"We are all born ignorant, but one must work hard to remain stupid." -- Benjamin Franklin
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Lloyd
Friday, August 10, 2012, 11:23am Report to Moderator Report to Moderator

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Quoted from Spring



Exactly what sort of response would someone expect to get after a comment like this? Your post seems to be playing down what Dr. D. has done..... Are all the supplements we buy just sort of a shot in the dark - based on what? I don't think so.


If I were to take your comment seriously I would have to believe that you are opposed to scientific research.

Dr. D  spent innumerable hours researching his ideas before writing his books. If you read the reference lists in ER4YT you will find that that research took advantage of a large number of publications like the one that is the subject of the thread. It doesn't lessen the theory or the work done on it, much less putting it into practice.

Dr. D's complaint is that his work was not recognized in print by the people who ran the study. Not that they ran the study. The study is a validation.



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Amazone I.
Friday, August 10, 2012, 11:39am Report to Moderator Report to Moderator

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Easy E
Friday, August 10, 2012, 2:20pm Report to Moderator Report to Moderator

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I agree with lloyd.  It is an evolving process.  There is already good biology that has seen O and B have 5 times higher alkaline phosphate (or whatever) than A in the upper GI tract, though all have same digestive power in lower GI tract.

Thats why A's got to spice up their food!


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RedLilac
Friday, August 10, 2012, 2:25pm Report to Moderator Report to Moderator

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Dr D has always been ahead of the times – lucky for us he is.


I am B- NON-Sec Explorer; my son is B+ SEC Nomad; my Mother was O+; and my Father was AB-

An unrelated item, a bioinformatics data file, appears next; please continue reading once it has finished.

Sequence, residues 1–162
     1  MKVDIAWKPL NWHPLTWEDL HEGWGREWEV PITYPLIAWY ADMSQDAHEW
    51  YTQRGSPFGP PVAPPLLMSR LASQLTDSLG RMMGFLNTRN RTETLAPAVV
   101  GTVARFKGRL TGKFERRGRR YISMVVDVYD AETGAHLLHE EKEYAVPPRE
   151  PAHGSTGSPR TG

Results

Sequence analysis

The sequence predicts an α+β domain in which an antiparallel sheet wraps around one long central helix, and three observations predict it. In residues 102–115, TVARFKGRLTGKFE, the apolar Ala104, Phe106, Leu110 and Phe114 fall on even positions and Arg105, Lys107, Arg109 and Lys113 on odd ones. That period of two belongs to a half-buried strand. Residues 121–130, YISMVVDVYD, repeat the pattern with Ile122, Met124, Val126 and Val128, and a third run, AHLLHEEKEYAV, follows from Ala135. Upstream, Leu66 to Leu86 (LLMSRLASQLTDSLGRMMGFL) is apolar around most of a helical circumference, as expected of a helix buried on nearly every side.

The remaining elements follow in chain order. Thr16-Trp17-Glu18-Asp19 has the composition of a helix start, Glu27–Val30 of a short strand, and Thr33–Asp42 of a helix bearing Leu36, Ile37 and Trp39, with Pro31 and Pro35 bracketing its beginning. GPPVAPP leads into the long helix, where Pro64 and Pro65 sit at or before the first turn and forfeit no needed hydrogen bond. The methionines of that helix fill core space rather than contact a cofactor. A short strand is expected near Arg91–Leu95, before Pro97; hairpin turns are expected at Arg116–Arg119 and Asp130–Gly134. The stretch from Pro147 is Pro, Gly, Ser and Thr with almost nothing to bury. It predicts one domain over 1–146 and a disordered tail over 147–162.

SWAMI Thanksgiving present 2008
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Captain_Janeway
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Secretor genotype plays an important role in what types of microbiota are expressed in the intestinal mucosa.

http://www.ncbi.nlm.nih.gov/pubmed/21625510


Rh Neg, Le(a+b-), NN, Fy(a-b+)

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PCUK-Positive
Friday, August 10, 2012, 6:07pm Report to Moderator Report to Moderator

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I think we are all in agreement and that actually the "Their novel idea" is the cheeky thing.

since we all actually agree that Dr D is the Master, perhaps we should stop arguing or getting wound up with misrepresentation's of each other.


Kind Regards PC. FIfHI Swami III Pro

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Dr. D
Friday, August 10, 2012, 7:58pm Report to Moderator Report to Moderator

Peter D'Adamo
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Really, the novel idea was my fathers...


A whole system is a living system is a learning system.’ -Stewart Brand
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Andrea AWsec
Friday, August 10, 2012, 11:35pm Report to Moderator Report to Moderator

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Quoted from Dr. D
Really, the novel idea was my fathers...






MIFHI

"Do not try to satisfy your vanity by teaching a great many things. Awaken people's curiosity. It is enough to open minds; do not overload them." Anatole France

"Healthy people have the least overt symptoms from eating avoid foods." Dr. D'Adamo